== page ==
Cengage Unlimited Subscription Has Saved Students $125 Million

Savings expected to grow to $160 million by the end of the current academic year

Cengage Unlimited Subscription Has Saved Students $125 Million

Source: Cengage

Sixteen months after its launch, education and technology company Cengage has sold 2 million Cengage Unlimited subscriptions, saving college students an estimated $125 million in digital textbooks, ebooks, study guides and other online resources. The subscription program is expected to save students a total of $160 million by the end of the current academic year. The subscriptions are all-inclusive. For one flat-rate, students get unlimited access to Cengages full library of online materials for a term, ranging from four months to two years.

4 months $119.99

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In addition to online course materials, subscribers get:

  • 30-day Chegg study pack and 60 minutes of tutoring
  • Access to the online textbook library featuring more than 22,000 resources via the Cengage Mobile app
  • $7.99 print textbook rentals with activated courses with free shipping
  • Test prep, study guides and flashcards
  • 6 months free of Quizlet Plus
  • College success and career resources
  • Free 6-month access to Evernote Premium (otherwise $7.99 a month)
  • Free Dashlane Premium to save passwords ($4.99 a month, billed annually)

In a January 6 news release, the Boston-based company listed the five colleges where students have saved the most using Cengage Unlimited:

  1. University of Alabama – Tuscaloosa – $1.8 million
  2. Texas A&M University – $1.7 million
  3. North Carolina State University – $1.1 million
  4. Arizona State University – $853,000
  5. University of Houston – $836,000

Cengage also shared the top savings per student:

  1. University of Illinois – $256
  2. University of Findlay, OH – $182
  3. University of Connecticut and Gaston College (NC) – $179
  4. Saddleback College, CA – $175
  5. Spokane Community College – $172/student

Cengage Unlimited Subscription Has Saved Students $125 Million

Source: Cengage

“The college affordability crisis is impacting students and colleges across the country. It’s clear the entire ecosystem must pursue innovation to deliver students more value for their money,” said Cengage CEO Michael E. Hansen.

“That’s why we created Cengage Unlimited: to offer students affordable access to quality learning materials and other resources needed to excel in their studies, graduate and find a job. The number of subscribers and savings to date shows that Cengage Unlimited is making a real difference for them, Hansen added.

Cengage announced its subscription program in December 2017 with the program going live in August 2018. At that time, CEO Michael Hansen said the high costs of education were limiting for too many students, making college unaffordable or forcing students into additional debt.

With Cengage Unlimited, students finally have an alternative to the traditional and costly approach of paying for each courses materials individually. We are taking unprecedented action to break down cost barriers and end the cycle of students having to choose between course materials they can afford and the results they want, Hansen said.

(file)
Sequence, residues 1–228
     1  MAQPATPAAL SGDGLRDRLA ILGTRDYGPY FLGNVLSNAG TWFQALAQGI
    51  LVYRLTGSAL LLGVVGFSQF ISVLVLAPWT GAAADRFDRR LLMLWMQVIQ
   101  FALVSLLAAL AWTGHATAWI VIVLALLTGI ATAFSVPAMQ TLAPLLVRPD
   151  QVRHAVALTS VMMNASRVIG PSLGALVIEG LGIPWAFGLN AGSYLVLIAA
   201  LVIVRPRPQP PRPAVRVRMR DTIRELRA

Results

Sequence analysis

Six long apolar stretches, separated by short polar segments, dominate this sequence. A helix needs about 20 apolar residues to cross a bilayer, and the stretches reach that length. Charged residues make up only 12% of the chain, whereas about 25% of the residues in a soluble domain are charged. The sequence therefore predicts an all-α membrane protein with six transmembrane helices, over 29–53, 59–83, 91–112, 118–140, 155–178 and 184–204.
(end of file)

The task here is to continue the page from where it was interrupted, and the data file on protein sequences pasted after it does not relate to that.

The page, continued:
Despite the companys success, Cengage has had legal challenges since announcing its unlimited textbook subscription. The first came when textbook authors David Knox and Caroline Schacht filed suit in the United States District Court Southern District of New York in May 2018, three months before the subscription service launched. The authors sought class action status for their cause which alleged the that Cengages Unlimited subscription would cause their sales and royalties to drop substantially. Cengage denied the allegations, and the parties settled the lawsuit in October 2018.

Fast forward to August 2019 when another group of textbook authors filed a class action lawsuit in the same court, alleging that Cengage was not paying them according to their contracts but is, instead choosing how to pay royalties and from which pool of money. They asked the court to award damages and restitution for unpaid royalties for the Cengage digital product. Cengage disputed the allegations.

In an excerpt of their rebuttal, Cengage said, We have communicated clearly with our authors that the subscription service is consistent with the terms of their contracts, which we continue to honor. Since the service launched, we are in regular communication with them about the impact of the subscription on their royalties.

Insider Take:

We are pleased that the subscription model seems to work well for Cengage, students and universities and that students are, collectively, enjoying big savings from subscribing to Cengage Unlimited. There is always concern, however, when owners of intellectual property allege that they are not being paid fairly for their work. As we noted in our August 19, 2019 column, the usage of intellectual property can be more challenging to measure than the use of physical property. We hope that companies like Cengage, Spotify and Apple Music are compensating authors and artists according to their contracts, so that both sides of the equation benefit. When the parties dont agree on whats fair, the courts should decide.